The Professor

At that time I was a student. I had a friend who was taking French classes and he says to come to this professor’s house for dinner. There would be a lot of people there. It was a party, he says. The professor has books and records just like you, he says. You guys will understand each other. I don’t think too much of it. See, I was doing a lot of my own work then--reading and writing. I didn’t get out much. It would be good to get out of my little apartment. It had cockroaches and the neighbor’s television made a muffled rumbling through the wall.

He lived nearby the university, this professor. I parked at a condo building and went to the front and buzzed and the door unlocked. Down the hallway I saw my friend standing in the professor’s doorway. He had a glass of red wine and jazz music was playing loudly from inside and you could hear all the voices.

The apartment was full of students, nearly all were guys. I didn’t know any of them. The place was furnished very Belle Epoque with gold trim and there were paintings on the walls and statues and vases and flowers and there was a grand piano near the door. The professor kept a beautiful place. You could see it meant something to him.

I followed my friend into the kitchen and he introduces me to this professor. The man is short and a little stout with carefully combed hair and he smiles easily. He was one of those older men of an indeterminate age and you could see his appearance meant something to him. He speaks with a French accent and while he’s pouring me a glass of red wine he says he’s heard a lot about me. I heard a lot about you too, I say. I don’t mean it though. I’m just being polite, you know. Have you really? He says it slowly and he smiles at my friend and looks back at me. He’s got a group of students around him waiting to be entertained and I excuse myself.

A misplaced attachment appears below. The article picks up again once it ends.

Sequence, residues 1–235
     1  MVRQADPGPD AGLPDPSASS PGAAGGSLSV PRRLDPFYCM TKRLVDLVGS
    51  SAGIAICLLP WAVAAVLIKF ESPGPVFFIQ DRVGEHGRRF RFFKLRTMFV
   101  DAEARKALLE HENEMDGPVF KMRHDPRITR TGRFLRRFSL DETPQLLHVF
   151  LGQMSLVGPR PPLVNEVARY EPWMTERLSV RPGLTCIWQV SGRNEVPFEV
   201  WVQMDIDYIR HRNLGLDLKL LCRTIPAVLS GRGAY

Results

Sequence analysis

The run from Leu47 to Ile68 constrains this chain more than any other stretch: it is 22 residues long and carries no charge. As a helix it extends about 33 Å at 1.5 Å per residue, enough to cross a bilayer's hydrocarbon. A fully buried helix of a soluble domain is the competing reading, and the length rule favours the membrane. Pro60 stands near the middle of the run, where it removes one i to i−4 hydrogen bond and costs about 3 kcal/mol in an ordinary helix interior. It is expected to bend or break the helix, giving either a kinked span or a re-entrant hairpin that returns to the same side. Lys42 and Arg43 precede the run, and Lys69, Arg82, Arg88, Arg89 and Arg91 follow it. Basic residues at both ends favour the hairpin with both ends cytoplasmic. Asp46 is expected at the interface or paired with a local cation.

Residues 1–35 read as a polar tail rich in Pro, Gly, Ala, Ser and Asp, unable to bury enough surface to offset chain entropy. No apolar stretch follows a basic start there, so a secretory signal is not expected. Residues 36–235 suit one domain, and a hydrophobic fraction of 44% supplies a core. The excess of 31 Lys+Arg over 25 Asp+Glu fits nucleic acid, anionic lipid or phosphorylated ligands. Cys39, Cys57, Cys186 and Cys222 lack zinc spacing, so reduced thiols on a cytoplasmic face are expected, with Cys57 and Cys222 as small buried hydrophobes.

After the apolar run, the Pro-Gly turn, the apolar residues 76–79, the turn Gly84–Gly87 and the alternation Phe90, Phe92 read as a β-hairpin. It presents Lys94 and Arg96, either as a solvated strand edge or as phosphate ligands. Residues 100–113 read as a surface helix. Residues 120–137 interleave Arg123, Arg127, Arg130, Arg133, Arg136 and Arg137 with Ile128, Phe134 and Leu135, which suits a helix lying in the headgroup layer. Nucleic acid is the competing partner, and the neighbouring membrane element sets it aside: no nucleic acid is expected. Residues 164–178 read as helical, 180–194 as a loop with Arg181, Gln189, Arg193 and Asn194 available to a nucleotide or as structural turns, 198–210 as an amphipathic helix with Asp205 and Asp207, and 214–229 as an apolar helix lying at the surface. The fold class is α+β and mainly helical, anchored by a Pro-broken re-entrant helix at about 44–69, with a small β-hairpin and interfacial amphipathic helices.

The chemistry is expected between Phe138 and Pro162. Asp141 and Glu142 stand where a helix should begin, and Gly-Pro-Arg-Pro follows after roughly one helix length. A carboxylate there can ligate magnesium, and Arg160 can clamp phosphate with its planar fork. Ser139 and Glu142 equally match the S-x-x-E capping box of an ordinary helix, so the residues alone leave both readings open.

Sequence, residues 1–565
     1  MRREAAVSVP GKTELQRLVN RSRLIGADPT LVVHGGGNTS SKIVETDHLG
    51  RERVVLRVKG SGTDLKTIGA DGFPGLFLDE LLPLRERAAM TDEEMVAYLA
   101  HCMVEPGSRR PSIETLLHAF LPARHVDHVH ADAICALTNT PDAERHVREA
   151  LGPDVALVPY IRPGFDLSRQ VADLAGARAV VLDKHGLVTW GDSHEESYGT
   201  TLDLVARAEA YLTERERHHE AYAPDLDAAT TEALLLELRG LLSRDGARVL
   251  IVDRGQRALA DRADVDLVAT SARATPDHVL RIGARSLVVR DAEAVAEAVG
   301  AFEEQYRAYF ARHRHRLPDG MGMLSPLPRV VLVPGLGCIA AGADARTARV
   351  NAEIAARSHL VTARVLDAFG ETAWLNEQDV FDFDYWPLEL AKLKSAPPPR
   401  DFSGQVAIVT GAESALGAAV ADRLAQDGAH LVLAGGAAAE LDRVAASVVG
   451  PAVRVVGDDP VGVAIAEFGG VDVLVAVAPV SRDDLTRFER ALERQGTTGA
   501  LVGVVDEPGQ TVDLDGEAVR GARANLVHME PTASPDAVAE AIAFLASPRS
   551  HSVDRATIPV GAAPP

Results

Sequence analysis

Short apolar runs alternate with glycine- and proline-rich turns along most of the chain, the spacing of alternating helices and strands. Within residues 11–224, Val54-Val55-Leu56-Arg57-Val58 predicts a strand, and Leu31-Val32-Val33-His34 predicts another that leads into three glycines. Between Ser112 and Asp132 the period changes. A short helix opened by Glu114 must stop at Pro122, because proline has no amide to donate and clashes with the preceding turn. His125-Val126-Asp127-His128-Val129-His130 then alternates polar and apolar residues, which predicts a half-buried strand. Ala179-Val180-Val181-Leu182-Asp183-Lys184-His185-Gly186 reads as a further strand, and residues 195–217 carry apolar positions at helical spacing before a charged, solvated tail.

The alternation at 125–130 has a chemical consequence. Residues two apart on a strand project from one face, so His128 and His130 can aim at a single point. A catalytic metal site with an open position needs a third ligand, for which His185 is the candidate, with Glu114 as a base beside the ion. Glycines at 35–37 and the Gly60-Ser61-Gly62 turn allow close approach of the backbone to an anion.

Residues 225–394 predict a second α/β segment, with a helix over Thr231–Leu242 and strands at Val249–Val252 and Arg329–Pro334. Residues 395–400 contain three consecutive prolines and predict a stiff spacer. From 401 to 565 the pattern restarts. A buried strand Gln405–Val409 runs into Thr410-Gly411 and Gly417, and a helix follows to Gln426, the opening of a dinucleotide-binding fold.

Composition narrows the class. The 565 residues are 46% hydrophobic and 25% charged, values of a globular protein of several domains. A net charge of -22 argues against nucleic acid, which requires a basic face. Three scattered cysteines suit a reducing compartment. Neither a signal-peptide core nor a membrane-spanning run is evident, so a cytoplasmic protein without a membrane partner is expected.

I didn’t like these other students much and the only girls to talk to were a little chubby so I started working on my drinking. I went out the sliding door by the piano and onto the veranda. There were potted flowers around it on the brick wall and there’s a glass table with a canopy and four chairs. It’s a clear, cool late-spring night and I sit down. I think I was drinking whisky now. Yes, it was whisky and good whisky too. Johnny Walker Black. At some point I must have gone back in and brought out the bottle.

I must have been sitting there and drinking whisky for awhile because I look inside and most of the students are gone. I saw my friend though talking to a tall skinny kid and I turned back to the bottle. It was good whisky and I was enjoying it. I must have been getting pretty drunk by this time too.

The veranda door slides open behind me and the professor comes out and he sits down. He’s got an empty glass with him. We don’t say anything and I pour him some whisky.

So tell me something about your growing up, I says. When I’ve been drinking I can be very direct with people.

I’ll tell you a story, says this professor. I’ll tell you about Andreas.

Go ahead, I says. I might as well listen. I’m drinking the man’s whisky, aren’t I?

It was summer and I was thirteen and we were on vacation at Cap d’Antibes, in France, he adds.

Yeah, I know where that is, I says. He may be a professor but I know things too.

I had a bad stutter then. I was without confidence. I did not have friends. I remember watching the boys in the park playing soccer. I have never played soccer. When you are of my class you do not play soccer. I remember two boys walking arm in arm along a road. They had back packs and they were going camping together. The professor stopped talking.

Go on, I says. Tell me about Andre.